Irwin, L.2013 The diocese of Limerick: an illustrated history, Holywood, Co. Down.
Patrickswell village retains the appearance of a linear settlement with many traditional single storey buildings located along its Main Street. The village centre stretches along the old N20 national road and consists mainly of retail, commercial, public/institutional buildings and some dwellings. A more loosely knit pattern of development, consisting mainly of dwellings, spreads further north from the Main Street. The settlement boundary straddles two Municipal Districts, the Metropolitan District of Limerick and the Municipal District of Adare Rathkeale.
Patrickswell is essentially a linear village having developed along the old N20 Limerick to Cork road. It has a largely fragmented urban form with developments from different periods dispersed loosely around the built-up area. Patrickswell is typical of an urban settlement located in a predominantly rural area. The village performs an important civic and service function, with a concentration of civic amenities including a Primary School, Garda Station, a Community Resource Centre and a church located just outside the village boundary. These provide services for the resident population and for a much wider rural based population. The majority of the village’s building stock is of nineteenth and early twentieth century origin. The village lacks a strong urban structure but displays a number of notable buildings, including the former parochial house at Ballyanrahan East, the Community Resource Centre building, the Dark Horse pub and the Cύ Chulainn bar located on Main Street.
Figure 2.5: Residential Estates in Patrickswell
The population of Patrickswell grew gradually over the latter two decades of the twentieth Century. The attractiveness of the village, as a dormitory village for Limerick City began to emerge in the late 1990’s and early 2000’s however, at this time, infrastructure constraints meant that only limited development occurred. These constraints continued into the first decade of the 2000’s. The lack of waste-water treatment infrastructure had, up until 2013 stifled growth in Patrickswell, however a number of planning permissions, having being granted since the adoption of the 2015 LAP, some of which are now being activated and construction is evident in the village. A Limerick City and County Council housing scheme was completed in 2019 with the delivery of 16 no. units in Ballyhanrahan East. An additional Limerick City and County Council Part 8 consent on the Clarina Road for 24 no. units was permitted in 2022.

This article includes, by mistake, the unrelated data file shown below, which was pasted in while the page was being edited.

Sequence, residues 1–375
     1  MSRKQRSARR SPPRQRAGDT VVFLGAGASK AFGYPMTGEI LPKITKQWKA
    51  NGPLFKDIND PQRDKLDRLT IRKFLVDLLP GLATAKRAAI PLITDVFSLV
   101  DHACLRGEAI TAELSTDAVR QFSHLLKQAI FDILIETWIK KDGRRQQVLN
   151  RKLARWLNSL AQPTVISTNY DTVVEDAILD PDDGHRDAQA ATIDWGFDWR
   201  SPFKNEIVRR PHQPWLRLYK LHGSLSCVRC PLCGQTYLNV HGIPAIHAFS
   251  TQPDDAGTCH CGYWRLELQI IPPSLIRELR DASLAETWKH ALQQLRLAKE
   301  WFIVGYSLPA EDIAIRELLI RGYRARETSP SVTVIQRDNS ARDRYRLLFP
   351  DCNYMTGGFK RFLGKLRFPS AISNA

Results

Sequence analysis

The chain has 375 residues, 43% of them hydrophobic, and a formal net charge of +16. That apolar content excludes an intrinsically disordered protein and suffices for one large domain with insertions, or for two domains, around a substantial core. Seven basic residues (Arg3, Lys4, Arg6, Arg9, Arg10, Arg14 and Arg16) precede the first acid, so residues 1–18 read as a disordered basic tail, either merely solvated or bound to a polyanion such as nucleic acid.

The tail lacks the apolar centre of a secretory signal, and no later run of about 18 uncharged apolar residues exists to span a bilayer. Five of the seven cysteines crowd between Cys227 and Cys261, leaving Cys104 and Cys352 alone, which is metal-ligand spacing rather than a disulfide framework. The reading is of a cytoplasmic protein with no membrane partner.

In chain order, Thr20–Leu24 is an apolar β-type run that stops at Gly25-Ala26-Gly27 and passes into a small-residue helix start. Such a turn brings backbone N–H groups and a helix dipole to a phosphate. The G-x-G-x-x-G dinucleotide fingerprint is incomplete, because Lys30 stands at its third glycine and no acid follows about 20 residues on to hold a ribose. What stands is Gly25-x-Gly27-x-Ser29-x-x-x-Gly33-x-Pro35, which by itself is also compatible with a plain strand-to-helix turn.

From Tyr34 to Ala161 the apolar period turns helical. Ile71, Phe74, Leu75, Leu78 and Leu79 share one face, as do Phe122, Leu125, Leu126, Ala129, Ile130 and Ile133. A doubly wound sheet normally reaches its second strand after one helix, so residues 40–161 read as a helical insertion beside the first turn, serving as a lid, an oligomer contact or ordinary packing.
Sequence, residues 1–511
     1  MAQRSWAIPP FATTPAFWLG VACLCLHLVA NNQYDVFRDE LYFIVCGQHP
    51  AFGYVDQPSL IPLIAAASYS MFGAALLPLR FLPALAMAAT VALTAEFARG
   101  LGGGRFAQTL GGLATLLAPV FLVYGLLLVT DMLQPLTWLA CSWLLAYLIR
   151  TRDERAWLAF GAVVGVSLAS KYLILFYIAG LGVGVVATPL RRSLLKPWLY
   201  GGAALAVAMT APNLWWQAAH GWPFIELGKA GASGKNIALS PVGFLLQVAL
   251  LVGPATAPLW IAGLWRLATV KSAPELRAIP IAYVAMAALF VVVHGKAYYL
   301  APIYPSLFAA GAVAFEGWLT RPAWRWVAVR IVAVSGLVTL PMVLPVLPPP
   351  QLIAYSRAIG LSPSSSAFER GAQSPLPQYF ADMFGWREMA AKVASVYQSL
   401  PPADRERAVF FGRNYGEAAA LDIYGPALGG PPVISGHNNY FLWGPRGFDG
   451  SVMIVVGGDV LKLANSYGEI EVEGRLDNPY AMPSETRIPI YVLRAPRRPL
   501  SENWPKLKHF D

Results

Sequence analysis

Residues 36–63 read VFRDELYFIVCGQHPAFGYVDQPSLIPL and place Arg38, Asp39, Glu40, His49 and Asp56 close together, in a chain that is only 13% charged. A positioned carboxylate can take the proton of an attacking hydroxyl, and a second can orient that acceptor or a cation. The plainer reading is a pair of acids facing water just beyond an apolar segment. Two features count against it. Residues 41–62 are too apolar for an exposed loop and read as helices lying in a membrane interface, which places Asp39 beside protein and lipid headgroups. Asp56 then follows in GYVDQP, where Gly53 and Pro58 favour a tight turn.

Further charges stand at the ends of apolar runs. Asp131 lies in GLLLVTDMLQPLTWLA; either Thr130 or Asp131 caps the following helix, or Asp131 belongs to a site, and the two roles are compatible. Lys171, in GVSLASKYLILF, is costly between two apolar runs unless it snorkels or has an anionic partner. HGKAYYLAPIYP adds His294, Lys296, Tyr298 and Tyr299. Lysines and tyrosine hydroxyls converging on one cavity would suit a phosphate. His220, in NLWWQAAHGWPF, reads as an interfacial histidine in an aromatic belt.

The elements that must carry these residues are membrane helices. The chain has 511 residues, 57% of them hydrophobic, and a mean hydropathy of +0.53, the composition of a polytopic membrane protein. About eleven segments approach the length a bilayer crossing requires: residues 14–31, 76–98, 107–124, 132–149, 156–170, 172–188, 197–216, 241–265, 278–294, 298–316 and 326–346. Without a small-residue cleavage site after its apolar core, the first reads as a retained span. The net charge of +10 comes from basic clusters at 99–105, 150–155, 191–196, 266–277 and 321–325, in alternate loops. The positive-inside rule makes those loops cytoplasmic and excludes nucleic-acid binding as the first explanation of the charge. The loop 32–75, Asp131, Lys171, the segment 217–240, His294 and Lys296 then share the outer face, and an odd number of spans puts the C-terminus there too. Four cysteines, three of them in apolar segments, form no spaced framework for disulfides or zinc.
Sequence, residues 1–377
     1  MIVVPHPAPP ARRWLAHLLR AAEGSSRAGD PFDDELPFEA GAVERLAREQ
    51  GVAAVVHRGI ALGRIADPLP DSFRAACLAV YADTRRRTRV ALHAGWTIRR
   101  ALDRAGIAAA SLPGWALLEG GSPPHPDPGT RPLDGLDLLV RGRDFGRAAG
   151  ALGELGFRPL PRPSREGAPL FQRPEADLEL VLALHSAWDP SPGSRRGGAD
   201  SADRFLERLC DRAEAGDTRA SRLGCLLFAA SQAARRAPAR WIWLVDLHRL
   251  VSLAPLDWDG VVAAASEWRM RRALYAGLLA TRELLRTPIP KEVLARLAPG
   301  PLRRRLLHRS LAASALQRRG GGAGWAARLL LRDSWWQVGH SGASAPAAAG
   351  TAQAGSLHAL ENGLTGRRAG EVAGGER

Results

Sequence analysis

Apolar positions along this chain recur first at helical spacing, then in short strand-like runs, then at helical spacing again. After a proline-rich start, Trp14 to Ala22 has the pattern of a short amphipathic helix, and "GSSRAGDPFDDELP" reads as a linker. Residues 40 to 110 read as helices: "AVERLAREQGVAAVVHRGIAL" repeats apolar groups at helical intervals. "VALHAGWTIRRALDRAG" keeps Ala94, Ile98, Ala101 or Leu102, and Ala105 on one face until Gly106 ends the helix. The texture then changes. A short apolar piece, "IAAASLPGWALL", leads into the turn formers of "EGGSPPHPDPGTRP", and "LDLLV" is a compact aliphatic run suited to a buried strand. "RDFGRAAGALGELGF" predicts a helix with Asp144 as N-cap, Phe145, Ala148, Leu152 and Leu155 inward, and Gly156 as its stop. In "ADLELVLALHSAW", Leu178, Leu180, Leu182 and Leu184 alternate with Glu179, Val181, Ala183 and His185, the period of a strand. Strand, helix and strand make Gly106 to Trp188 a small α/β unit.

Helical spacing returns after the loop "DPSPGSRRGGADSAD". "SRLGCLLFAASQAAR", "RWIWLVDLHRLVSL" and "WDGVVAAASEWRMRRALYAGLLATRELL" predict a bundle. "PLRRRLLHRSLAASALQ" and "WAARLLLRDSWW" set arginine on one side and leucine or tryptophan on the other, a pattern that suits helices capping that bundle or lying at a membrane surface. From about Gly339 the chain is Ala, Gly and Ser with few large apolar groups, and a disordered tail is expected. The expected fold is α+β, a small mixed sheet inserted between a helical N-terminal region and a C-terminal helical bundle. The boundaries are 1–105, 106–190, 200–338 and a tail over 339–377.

Having regard to its historic importance, its location in the Limerick-Shannon Metropolitan Area and high quality connectivity, the Limerick Development Plan identifies Patrickswell as a Level 4 settlement in the settlement hierarchy for Limerick, in terms of population growth. For Patrickswell to fulfil its role as a Level 4 settlement, the village requires consolidation of land use, investment in services, infrastructure, sustainable transport options, amenities and local employment balanced with supporting the existing residential, community and providing for additional housing growth.
On review of the existing Local Area Plan for Patrickswell, a number of key issues, considerations and challenges were highlighted, which have shaped the overall policies and objectives of the Draft Plan.
Patrickswell has a number of positive attributes that create a distinct sense of place. In particular, its sporting history has placed Patrickswell at the forefront of GAA both at a local, county and national level. However, the lack of amenities and quality of open space, particularly in the village centre, is undermined somewhat by a combination of poor public realm, lack of residential development within the village and property vacancy or neglect on the Main Street. Phase 2 of a Village Renewal Scheme on Main Street, which seeks to upgrade the public realm and remodel the street to improve traffic management and active travel connectivity, is currently under construction. Separately, the economy of the village is predominantly based on the service sector, including pubs, takeaways and professional services. Commuting patterns further highlight the limited employment opportunities within the settlement, with 68% travelling outside the settlement for work purposes (Census 2016).
Patrickswell has faced challenges in relation to vacancy, declining vibrancy and deficiency in transport infrastructure. This plan seeks to balance the needs of the local community, businesses, landowners and the environment along with enabling Patrickswell to become an important local driver and self-sufficient village, providing a range of functions for its resident population and the surrounding catchment. Patrickswell’s strategic location benefiting from its close proximity to Limerick City and ease of access to the N/M20 Motorway, makes it a desirable location for future development. With a relatively compact village and the centre being readily accessible within a ten-minute walk time, opportunities exist for achieving modal shift targets for short journeys.
The SCOT Analysis is a study of the Strengths, Challenges, Opportunities and Threats that exist within Patrickswell. Such analysis identifies both the key issues in Patrickswell and the opportunities that exist to address these issues. The SCOT Analysis provided for in Figure 2.6 below, has helped inform the overall development strategy for the Plan Area.
Figure 2.6: SCOT Analysis of Patrickswell